What Does That “Best if Used By..” Date Really Mean?

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Many consumers throw away food at or near the expiration date unnecessarily.

Almost all foods are marked with some type of “Use By” or “Best if Used By” date on the packaging, but does that mean the food enclosed becomes automatically unsafe to eat when that date passes?

According to an article on, not necessarily so.  In fact, the United States Department of Agriculture (USDA) says the “sell by” date on the packages is a suggestion for the stores about how long the product is good for being displayed, and it doesn’t really mean the food inside is unsafe to eat.

With the exception of infant formula, the government does not require expiration dates to be put on labels or food packages.  For infant formulas, the product may not be as nutritious as originally packaged after the expiration date, and it may also separate of clog, becoming undesirable.

The marking “Best Used By” suggests the last date in which the food still contains its optimal freshness and taste, but still may be safe for consumption.  An example is canned soup.  It may have a “Best Used By” date on the can, but the soup will still be good to eat long after the date, maybe with a little loss of flavor with each day that passes.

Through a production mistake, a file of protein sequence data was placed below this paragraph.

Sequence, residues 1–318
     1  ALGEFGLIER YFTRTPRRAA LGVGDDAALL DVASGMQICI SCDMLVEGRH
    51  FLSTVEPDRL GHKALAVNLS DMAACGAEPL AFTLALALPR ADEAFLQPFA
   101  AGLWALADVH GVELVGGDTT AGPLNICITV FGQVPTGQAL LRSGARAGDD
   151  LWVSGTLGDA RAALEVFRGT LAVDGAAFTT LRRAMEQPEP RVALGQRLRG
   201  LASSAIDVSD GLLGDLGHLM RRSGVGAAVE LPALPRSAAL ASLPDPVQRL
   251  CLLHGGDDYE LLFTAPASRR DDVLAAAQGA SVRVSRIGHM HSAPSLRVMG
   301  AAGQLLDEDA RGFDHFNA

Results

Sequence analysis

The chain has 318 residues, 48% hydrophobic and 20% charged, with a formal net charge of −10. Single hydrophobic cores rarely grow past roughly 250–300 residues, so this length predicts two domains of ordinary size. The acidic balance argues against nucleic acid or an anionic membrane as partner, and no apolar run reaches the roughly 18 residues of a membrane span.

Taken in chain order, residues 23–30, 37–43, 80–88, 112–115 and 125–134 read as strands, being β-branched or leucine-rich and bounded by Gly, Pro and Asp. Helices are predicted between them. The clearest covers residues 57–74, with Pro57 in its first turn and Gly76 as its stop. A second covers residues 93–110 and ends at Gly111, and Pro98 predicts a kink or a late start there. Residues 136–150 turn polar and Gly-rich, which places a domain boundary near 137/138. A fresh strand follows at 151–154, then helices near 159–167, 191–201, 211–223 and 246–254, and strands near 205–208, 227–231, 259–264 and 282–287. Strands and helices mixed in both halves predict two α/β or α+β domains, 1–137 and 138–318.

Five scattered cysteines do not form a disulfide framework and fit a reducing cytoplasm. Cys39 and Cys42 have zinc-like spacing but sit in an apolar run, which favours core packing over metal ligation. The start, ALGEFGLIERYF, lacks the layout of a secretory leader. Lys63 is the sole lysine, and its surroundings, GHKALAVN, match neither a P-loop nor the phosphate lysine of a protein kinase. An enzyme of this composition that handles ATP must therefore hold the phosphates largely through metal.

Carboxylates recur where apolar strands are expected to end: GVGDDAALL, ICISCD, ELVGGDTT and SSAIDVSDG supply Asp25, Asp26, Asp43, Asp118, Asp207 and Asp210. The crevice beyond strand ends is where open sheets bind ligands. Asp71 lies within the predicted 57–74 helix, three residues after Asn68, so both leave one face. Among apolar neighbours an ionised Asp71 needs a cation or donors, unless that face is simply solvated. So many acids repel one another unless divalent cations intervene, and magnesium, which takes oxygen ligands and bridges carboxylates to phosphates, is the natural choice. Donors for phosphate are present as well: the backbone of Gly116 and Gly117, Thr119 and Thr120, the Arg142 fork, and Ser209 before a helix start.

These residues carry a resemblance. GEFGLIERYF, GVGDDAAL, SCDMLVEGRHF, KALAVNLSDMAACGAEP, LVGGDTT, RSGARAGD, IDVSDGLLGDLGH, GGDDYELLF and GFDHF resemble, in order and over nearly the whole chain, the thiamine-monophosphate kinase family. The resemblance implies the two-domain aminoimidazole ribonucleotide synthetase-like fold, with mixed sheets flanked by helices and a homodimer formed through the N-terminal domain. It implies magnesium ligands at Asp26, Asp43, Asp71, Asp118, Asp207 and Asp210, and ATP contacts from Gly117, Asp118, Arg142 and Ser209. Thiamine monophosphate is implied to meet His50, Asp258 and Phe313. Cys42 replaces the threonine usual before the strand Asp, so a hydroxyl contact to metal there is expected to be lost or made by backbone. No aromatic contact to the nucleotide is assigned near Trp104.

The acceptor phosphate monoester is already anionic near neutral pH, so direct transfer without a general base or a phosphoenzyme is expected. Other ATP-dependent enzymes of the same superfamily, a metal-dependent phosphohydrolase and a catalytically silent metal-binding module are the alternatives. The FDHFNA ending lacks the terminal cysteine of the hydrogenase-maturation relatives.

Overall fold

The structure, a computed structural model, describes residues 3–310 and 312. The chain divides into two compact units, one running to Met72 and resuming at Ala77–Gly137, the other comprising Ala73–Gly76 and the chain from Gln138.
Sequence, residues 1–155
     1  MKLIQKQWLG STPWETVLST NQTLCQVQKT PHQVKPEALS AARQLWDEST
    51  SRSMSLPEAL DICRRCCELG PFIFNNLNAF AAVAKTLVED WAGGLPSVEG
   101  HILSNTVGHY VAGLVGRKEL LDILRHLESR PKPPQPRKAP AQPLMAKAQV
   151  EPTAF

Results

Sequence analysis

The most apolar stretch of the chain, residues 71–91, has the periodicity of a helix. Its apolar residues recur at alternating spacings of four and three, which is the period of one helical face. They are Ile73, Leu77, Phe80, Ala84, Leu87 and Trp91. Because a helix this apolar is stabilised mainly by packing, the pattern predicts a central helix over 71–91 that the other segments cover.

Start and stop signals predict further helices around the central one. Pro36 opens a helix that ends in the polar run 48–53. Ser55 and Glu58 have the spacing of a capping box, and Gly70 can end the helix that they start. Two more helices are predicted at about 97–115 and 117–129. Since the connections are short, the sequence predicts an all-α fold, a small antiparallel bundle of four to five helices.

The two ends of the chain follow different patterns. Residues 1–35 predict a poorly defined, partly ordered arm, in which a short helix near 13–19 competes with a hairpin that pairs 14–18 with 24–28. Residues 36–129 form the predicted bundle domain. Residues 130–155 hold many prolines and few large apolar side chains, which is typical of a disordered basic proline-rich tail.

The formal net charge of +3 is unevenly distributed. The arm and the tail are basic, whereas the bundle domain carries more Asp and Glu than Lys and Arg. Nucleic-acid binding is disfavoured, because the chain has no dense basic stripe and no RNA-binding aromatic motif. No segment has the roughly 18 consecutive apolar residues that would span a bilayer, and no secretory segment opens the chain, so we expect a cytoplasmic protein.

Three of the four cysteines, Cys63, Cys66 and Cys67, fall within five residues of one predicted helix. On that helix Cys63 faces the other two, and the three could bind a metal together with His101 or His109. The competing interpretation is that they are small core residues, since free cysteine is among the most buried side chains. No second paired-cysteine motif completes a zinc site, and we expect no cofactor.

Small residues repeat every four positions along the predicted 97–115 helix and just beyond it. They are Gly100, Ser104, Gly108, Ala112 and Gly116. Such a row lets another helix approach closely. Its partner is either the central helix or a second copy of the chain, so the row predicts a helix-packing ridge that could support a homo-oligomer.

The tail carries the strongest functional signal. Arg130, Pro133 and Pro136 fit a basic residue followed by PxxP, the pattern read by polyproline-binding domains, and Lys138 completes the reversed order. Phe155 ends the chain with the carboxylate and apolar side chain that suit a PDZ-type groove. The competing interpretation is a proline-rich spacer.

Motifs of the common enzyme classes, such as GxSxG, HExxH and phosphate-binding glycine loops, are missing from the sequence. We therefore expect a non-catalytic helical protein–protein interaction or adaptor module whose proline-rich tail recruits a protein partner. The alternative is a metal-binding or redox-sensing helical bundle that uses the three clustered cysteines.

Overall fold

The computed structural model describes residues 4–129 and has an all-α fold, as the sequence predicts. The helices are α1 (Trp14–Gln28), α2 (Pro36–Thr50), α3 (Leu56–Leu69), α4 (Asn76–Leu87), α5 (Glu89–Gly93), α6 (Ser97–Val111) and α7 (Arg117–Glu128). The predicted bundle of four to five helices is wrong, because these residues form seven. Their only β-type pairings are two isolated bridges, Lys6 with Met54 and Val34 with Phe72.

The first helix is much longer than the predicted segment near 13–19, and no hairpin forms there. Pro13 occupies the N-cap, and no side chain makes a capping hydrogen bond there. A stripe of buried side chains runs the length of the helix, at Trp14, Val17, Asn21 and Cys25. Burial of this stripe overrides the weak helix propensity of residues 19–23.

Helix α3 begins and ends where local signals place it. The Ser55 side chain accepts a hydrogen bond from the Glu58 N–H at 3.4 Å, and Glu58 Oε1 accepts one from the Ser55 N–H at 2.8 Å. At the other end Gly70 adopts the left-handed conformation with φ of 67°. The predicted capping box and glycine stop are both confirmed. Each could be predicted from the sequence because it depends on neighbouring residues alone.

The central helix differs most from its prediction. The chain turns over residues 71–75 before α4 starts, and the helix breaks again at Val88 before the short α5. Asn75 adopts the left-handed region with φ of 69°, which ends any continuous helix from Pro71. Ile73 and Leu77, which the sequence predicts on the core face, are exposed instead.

Dr. Michael Hansen, senior staff scientist with the consumer trade group, Consumers Union, said in an interview with ABC, that the dates listed on the packages really did not give the consumers any clue as to whether the food inside is good or bad.

He added that most people think the food is hazardous to eat after the date on the package passes by.

One estimate says that Americans throw out around $160 billion of food, a lot because they think the food is bad since it has passed the expiration date.  Most of the time the sniff and taste test will work to determine the freshness of food, but experts advise being extra careful with meats and prepackaged foods, since they tend to spoil more quickly.

So, to protect yourselves and family and avoid wasting precious food dollars, shop wisely and only buy foods that you plan to use before the expiration date.

Also familiarize yourself with the current UDSA guidelines for Food Product Dating which can be found here.

Wanda B. Hewlett

Wanda B. Hewlett (Contributor) is a freelance writer from the UK. When she’s not busy writing she loves to spend her time traveling, exploring and running.

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